Assets managed by the world’s largest 500 fund managers rose by over 8% to US$68 trillion in 2012, making up any lost ground from the previous year when assets in the survey fell by 3%, according to the Pensions & Investments / Towers Watson World 500 research.

The research also shows that due to the rise, total assets are now almost back to the record levels of 2007 (around US$69 trillion) and almost double assets levels from 2002.

Craig Baker, global head of research at Towers Watson Investment, said: "2012 was a less volatile year and combined with market rises it is no surprise that most large investment managers gained assets. Looking back over a longer period reminds us how dramatically the asset management industry has grown, virtually doubling in terms of asset size, in the past decade. While this is informative, the real question to ask is how much value it has contributed to investors and end beneficiaries, and broader society, versus how many assets it has just gathered for itself during this time."

The research, conducted in conjunction with Pensions & Investments, a leading US investment newspaper, reveals that, by number, bank-owned asset managers continue to dominate the top 20, although the number of independent managers in the group remained static.

There are 12 US-based investment managers in the top 20 managing over 64% of these assets, while eight managers are European-based. Overall Japanese managers’ assets decreased by around 9% in 2012, while European managers’ assets as well as US-based managers’ assets increased by over 8% and around 13% respectively.

Baker added: "While we are all pleased to see asset growth back and in many instances good returns for investors, it is imperative that the pressure on asset managers, and other agents in the investment industry, to produce better aligned fee structures does not dissipate, particularly in the area of performance-related fees. In addition, investors should not stop looking at lower-cost options, particularly if they have limited governance, while ensuring they are not overpaying for market returns."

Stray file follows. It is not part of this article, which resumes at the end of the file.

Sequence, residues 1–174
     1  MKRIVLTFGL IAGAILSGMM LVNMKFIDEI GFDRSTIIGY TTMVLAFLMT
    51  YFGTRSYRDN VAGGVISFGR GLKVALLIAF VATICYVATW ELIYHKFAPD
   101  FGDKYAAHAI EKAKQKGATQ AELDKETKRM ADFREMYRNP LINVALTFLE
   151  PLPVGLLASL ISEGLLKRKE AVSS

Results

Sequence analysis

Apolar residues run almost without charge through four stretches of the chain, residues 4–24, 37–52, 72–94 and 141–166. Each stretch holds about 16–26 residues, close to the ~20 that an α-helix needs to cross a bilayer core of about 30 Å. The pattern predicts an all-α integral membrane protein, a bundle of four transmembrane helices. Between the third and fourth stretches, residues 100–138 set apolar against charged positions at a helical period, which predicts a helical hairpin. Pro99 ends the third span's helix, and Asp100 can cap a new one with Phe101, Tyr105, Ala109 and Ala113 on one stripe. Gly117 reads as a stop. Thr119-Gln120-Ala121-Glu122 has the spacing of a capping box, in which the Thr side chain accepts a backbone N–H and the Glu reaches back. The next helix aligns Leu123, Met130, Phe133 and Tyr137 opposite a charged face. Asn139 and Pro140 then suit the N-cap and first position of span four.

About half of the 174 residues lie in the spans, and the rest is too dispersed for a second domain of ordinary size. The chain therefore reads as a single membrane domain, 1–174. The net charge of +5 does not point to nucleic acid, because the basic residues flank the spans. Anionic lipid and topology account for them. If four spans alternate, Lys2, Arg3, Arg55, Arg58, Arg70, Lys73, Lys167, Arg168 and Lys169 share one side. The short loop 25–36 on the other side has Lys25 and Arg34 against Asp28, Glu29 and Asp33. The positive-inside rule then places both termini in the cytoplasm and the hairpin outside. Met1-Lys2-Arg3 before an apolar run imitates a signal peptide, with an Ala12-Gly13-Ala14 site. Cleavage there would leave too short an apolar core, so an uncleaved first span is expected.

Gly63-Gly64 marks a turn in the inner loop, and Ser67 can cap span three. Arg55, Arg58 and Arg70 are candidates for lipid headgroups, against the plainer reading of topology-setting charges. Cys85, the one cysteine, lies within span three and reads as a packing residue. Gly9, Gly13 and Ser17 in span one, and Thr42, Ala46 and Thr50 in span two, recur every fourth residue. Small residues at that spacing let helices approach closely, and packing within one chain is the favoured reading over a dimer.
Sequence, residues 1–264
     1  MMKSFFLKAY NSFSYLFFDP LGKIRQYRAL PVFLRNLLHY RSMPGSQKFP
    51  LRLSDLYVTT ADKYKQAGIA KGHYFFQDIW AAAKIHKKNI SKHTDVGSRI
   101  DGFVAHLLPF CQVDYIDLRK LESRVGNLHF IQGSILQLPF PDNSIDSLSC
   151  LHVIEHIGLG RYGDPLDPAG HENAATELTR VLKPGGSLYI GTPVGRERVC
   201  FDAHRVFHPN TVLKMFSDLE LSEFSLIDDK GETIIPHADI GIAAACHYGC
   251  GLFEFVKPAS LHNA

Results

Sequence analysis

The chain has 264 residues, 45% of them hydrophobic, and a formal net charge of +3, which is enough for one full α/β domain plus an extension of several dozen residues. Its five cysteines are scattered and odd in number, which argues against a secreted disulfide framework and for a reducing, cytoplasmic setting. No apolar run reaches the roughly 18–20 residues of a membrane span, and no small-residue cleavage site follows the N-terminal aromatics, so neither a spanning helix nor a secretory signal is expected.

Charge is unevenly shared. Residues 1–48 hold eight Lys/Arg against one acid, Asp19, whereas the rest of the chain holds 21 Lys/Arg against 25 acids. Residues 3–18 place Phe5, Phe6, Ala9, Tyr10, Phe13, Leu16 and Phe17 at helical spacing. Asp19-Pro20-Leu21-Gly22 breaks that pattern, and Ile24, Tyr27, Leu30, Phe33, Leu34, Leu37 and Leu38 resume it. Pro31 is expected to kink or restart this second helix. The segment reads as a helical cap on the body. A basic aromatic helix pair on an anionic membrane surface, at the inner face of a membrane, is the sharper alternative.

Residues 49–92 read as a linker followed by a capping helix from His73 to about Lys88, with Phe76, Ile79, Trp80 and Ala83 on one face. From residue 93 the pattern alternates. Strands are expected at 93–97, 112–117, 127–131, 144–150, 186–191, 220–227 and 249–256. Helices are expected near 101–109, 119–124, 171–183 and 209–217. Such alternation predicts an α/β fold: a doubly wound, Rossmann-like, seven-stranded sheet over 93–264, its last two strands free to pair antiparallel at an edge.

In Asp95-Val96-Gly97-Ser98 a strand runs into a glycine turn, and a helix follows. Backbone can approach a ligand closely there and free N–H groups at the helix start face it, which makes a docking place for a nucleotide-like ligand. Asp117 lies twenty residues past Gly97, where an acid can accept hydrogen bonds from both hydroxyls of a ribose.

According to the research, US asset managers have increased their share of assets in the research from 42% to around 50% during the past ten years, mainly at the expense of Japanese and Swiss asset managers who have lost around 5% and 4% of market share and now have 7% and 4% respectively.

The research also shows that large Canadian and French managers have both grown share by about 2% each during the same period.

Since 2002, passive assets managed by the largest managers have grown by over 13% annually compared to 6% annually for the top 500 managers as a whole. In 2012 passive assets, managed by the largest managers, grew by over 12%, reversing the small fall the prior year.

Baker said: "Institutional investors are increasingly looking for the most efficient way to invest their assets which has led to more passive management and low cost, systematic approaches, also known as smart beta. While smart beta is not a substitute for good active management, it allows investors to target their active exposure in strategies which cannot easily be replicated through a systematic approach and where there is evidence of real skill. Asset owners are quite rightly becoming far less tolerant of paying active management fees for simply getting market exposure and are looking to obtain the latter as cheaply and efficiently as they can. However, they should be aware of the marketing bandwagon effect that has developed around smart beta in the past few years, with too many products just trying to cash in."

Some of the main gainers by rank in the top 50 (includes through mergers or acquisitions) during the past five years include Royal Bank of Canada (+50 [98?48]), Sumitomo Mitsui Trust & Bank (+33 [71?38], Shinkin Central Bank (+31 [81?50]), New York Life Investments (+30 [79?49]) and Affiliated Managers Group (+25 [66?41]).